Image: A vial of TheraSphere contains millions of microscopic glass beads containing yttrium (Photo courtesy of Boston Scientific)
A selective internal radiation therapy (SIRT) platform delivers radioactive glass microspheres directly to liver tumors, with minimal exposure to surrounding healthy tissue.
Boston Scientific (Natick, MA, USA) TheraSphere treatment is a low toxicity SIRT comprised of millions of microscopic glass beads containing yttrium (Y-90) that are delivered to a Hepatocellular Carcinoma (HCC) through a catheter placed into the hepatic artery, which provides the main blood supply to the HCC. The microspheres, which are unable to traverse the tumor vasculature, are embolized within the tumor, exerting a local beta radiation radiotherapeutic effect, as the average range of the radiation in tissue is 2.5 mm, with a maximum range less than one centimeter.
TheraSphere is available in three dose sizes, each supplied with an administration set consisting of a single use, pre-assembled vial with inlet and outlet lines that facilitate infusion of the microspheres to the catheter. Each milligram of TheraSphere contains between 22,000 and 73,000 microspheres of Y-90. The treatment does not require hospitalization, and is typically performed as an outpatient procedure in as little as an hour. TheraSphere has been approved by the FDA after almost 20 years of humanitarian exemption device (HDE).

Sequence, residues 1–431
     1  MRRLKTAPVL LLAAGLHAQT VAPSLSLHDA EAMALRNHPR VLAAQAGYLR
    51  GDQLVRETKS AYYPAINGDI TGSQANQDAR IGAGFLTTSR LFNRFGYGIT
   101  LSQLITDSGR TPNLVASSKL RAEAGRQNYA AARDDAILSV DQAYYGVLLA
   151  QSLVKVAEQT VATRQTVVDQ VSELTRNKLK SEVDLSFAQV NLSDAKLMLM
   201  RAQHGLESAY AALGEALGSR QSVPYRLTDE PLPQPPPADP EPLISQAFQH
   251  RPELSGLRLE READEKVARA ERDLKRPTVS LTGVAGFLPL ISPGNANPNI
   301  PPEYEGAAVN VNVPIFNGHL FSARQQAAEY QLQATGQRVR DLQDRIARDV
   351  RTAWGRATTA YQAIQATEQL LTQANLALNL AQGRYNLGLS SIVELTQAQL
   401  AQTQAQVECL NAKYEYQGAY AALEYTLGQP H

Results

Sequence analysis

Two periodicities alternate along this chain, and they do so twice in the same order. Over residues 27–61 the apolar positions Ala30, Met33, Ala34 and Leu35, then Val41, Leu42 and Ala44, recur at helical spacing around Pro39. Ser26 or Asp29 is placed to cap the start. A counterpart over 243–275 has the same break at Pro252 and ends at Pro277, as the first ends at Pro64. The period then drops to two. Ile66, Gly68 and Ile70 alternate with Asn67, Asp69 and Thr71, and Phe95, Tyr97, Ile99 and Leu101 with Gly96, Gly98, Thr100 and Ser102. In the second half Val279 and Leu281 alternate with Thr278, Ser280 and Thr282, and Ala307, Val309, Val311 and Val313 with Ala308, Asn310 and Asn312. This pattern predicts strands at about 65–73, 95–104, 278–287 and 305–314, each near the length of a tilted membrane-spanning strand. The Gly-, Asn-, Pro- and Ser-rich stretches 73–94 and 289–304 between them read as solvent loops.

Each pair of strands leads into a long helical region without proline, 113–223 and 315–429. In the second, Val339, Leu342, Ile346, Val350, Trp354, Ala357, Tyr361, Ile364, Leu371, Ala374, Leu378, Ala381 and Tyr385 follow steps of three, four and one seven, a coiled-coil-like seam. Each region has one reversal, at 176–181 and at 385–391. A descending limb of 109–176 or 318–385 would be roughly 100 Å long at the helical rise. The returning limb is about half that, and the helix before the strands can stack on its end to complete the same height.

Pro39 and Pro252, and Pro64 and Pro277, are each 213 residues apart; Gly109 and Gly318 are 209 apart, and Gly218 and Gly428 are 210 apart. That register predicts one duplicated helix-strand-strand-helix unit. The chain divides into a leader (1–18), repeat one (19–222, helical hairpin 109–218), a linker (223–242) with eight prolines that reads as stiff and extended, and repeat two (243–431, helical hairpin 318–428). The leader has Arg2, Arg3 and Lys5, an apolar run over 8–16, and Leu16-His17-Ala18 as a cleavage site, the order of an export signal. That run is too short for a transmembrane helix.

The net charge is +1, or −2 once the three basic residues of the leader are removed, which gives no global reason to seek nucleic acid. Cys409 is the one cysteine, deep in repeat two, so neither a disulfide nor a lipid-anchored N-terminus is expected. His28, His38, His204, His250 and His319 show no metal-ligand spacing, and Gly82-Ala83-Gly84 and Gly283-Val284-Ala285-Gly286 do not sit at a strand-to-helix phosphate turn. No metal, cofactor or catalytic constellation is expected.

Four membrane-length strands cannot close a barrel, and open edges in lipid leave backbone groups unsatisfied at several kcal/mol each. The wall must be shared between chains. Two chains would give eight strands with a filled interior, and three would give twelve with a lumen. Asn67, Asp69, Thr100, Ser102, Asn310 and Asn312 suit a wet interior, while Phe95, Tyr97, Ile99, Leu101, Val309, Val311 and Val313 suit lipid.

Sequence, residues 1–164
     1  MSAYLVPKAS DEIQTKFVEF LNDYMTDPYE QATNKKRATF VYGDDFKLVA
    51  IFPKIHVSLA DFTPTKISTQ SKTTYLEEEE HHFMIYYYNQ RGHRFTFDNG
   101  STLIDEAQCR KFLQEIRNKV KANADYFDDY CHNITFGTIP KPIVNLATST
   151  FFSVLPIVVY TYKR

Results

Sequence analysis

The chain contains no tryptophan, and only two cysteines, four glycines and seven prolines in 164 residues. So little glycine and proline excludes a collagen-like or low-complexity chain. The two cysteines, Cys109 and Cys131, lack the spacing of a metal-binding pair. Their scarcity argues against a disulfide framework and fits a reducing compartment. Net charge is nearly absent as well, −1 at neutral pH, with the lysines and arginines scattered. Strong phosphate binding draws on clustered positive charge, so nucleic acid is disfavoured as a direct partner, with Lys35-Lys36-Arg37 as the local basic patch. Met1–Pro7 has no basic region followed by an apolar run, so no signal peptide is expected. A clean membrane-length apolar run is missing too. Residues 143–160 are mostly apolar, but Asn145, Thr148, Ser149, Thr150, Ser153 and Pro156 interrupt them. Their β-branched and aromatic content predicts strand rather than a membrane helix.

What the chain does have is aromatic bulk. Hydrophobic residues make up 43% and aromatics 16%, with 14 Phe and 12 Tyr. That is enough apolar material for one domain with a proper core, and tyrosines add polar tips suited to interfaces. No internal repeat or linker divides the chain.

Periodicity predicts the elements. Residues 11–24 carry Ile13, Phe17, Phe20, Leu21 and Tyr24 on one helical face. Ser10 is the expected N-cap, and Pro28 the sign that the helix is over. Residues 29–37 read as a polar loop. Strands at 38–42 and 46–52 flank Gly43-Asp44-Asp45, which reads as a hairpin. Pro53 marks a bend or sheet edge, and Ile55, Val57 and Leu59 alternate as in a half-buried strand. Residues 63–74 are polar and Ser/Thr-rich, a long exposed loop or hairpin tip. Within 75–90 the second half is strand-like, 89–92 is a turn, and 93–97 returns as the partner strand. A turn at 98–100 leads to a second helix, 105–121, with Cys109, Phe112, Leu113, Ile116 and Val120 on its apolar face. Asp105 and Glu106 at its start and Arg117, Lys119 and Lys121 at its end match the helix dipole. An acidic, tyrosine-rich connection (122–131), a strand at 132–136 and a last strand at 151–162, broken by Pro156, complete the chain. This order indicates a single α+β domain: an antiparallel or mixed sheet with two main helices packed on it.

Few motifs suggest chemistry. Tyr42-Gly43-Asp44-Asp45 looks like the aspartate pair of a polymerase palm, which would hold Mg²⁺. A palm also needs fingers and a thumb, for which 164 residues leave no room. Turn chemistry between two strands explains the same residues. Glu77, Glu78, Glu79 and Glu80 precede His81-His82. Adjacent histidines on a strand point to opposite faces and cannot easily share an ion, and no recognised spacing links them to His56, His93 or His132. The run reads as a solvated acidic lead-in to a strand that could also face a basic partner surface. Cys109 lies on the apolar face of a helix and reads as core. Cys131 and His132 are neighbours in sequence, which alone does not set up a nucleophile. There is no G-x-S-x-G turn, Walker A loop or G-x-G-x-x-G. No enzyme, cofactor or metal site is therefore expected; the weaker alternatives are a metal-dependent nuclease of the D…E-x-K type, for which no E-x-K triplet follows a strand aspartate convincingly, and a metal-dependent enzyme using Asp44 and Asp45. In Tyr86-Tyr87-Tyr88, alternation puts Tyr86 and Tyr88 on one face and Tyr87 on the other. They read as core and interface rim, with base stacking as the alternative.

“The FDA approval will expand access to TheraSphere, which has demonstrated improvement in both survivability and quality of life through 20 years of clinical trials and real-world outcomes in the more than 70,000 patients globally,” said Peter Pattison, president of interventional oncology and peripheral interventions at Boston Scientific. “We expect to continue to focus our efforts on bringing this treatment to more patients, as well as further investigating the therapy for different cancer segments, including prostate and brain.”
As healthy liver tissue is mainly perfused by the portal vein, and most liver malignancies derive their blood supply from the hepatic artery, trans-arterial radioembolization (TARE) using radioactive Yttrium radioactive glass microspheres can be selectively administered to the tumors. The microspheres lodge in the small vessels of the tumor (embolization), emitting localized RT to targeted segments, results in tissue necrosis. The Y-90, with a half-life of 3.85 days, decays to Zirconium-90.